Regular retirement income could reduce to a third

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Pryce Warner International Group have spent forty two years optimising returns for expat pensioners, savers and investors. Here they comment on how George Osborne’s recently relaxed pension legislation has left unsuspecting retirees facing affordability issues during retirement.

Pensions and retirement

British pensioners could face an impoverished retirement

Many retirees fail to appreciate the inherent cost of retirement.

According to a recent Liverpool Victoria article the average sexagenarian annually earns £25,480 and now, many retirees aged 60+ are unwittingly approaching retirement with a regular pension-sourced income of just £8,774, approximately 34% of the funds to which they’ve become accustomed.

Many pensioners will struggle to cope with the state of their financial affairs, which will see them surviving on just a quarter of the national minimum wage. Industry fears are now focused on the possible affordability implications of the alluring 100% pension drawdown option now presented.

The possibility of our retirement income running out before our budgeting dictates is a realistic concern for each and every one of us, something that’s perhaps reflected by the fact that 30% of British employees aged 60+ have amended their plans for retirement since April 2013.

With 70% of retirees evidently facing an impoverished retirement dependent on their weekly £110 state pension payments, it’s hardly surprising to learn that an escalating number of people are investigating the benefits of professional asset management and private investment banking.

International pension planning often proves to be a popular choice amongst those looking to alleviate the financial pressure forced upon them during retirement and a key reason for the increased uptake of private pensions is that many face the prospect of having to work for far longer.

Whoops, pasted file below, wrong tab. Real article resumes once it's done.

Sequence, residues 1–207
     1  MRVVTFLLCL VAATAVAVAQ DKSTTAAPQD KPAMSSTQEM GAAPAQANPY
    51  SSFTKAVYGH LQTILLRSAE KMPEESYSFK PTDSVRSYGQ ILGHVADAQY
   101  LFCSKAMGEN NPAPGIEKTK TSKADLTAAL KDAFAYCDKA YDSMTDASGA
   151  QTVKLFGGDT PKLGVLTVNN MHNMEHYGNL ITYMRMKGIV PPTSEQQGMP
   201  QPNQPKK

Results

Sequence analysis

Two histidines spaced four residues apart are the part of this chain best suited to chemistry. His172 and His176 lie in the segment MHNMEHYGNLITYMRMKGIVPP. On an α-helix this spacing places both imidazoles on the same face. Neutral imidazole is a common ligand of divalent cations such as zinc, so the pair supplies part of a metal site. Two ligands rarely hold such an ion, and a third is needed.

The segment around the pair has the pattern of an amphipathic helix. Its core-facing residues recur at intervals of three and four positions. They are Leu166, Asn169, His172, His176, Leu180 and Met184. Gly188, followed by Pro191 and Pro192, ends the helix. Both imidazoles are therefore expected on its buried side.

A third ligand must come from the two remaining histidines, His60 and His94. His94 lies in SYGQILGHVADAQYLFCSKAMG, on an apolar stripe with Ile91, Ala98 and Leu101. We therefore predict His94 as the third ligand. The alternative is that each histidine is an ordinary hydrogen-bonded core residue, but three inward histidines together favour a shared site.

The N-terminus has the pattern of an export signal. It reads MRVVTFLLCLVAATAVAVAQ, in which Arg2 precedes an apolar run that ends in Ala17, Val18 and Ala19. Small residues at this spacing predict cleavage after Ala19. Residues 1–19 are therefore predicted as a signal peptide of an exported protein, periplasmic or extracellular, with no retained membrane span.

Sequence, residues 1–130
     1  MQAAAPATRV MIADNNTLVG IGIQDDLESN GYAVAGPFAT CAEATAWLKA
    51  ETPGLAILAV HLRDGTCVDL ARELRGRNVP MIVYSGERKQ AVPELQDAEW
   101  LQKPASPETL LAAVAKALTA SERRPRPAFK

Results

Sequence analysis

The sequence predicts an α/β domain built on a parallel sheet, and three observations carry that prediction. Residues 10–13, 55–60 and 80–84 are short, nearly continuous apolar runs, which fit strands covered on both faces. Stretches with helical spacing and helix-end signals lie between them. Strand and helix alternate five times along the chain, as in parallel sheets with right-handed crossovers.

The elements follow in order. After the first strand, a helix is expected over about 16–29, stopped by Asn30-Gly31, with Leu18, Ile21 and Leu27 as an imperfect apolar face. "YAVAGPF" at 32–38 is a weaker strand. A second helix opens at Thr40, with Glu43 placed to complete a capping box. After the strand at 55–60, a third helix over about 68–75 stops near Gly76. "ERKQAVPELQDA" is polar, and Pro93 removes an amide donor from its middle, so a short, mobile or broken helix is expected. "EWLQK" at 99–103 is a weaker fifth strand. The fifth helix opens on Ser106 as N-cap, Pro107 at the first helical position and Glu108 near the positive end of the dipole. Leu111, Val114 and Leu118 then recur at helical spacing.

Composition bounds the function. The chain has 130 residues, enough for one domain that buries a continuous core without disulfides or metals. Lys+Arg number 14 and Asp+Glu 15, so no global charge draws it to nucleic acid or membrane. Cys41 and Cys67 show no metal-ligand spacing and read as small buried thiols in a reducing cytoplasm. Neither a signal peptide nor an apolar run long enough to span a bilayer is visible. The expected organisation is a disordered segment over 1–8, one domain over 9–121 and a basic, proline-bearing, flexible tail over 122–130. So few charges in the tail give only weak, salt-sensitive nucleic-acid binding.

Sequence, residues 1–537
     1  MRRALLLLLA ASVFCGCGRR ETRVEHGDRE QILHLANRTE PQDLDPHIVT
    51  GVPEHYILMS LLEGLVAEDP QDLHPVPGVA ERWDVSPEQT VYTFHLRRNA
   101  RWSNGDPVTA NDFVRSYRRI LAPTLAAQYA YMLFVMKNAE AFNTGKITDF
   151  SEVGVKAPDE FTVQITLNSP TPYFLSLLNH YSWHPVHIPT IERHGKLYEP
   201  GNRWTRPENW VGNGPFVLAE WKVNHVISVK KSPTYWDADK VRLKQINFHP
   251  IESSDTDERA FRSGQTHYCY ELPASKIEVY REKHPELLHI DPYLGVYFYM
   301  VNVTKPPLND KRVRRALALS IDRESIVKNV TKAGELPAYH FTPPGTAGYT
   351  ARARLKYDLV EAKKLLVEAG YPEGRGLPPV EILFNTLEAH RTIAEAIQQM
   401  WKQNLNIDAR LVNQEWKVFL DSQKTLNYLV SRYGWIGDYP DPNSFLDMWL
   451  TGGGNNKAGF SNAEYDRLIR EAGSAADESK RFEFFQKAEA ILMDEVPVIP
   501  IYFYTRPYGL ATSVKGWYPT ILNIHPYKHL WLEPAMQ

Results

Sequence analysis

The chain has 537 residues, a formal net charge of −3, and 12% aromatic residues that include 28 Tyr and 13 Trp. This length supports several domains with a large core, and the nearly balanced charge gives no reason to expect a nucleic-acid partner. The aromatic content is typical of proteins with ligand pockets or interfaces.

David Retikin, Director of Operations at leading investment specialists Pryce Warner International Group offered further insight into modern-day retirement:

“Many retirees fail to appreciate the inherent cost of retirement that the Chancellor’s new user-friendly pension regime has upheld and yes, the new system is more flexible, but people are mistaking this as more efficient or economical. British pensioners both inland and offshore can maximise the performance of their savings & investments by employing the professional asset management services of a reputable and reliable, independent financial advisor.”

Without private investment banking, many pensioners will be left to wonder how their income could possibly cover their everyday expenses, before they’ve had a chance to consider regular outgoings including overheads such as rent, mortgages, heating and food… and what of any outstanding debts?

58% of people planning to retire before 2019 think their expenses will level out or increase. With 12% of retirees having an outstanding balance on their credit card and 7% with a mortgage to pay off, perhaps the 5% who have an existing overdraft to worry about should count themselves lucky.

Those hoping to embrace retirement without having to work well into their early seventies should seriously consider their options. Although it can be costly, financial advice is predominantly cost-effective and it can make a world of difference to the daily cost of living during retirement.

Those taking the time to learn more about tax-friendly solutions to their situation soon appreciate the true value of what can be achieved with very little effort. A host of investment advice is openly available online, but speaking personally with a finance professional is highly recommended.

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Anthony Standring
since: 09/2011
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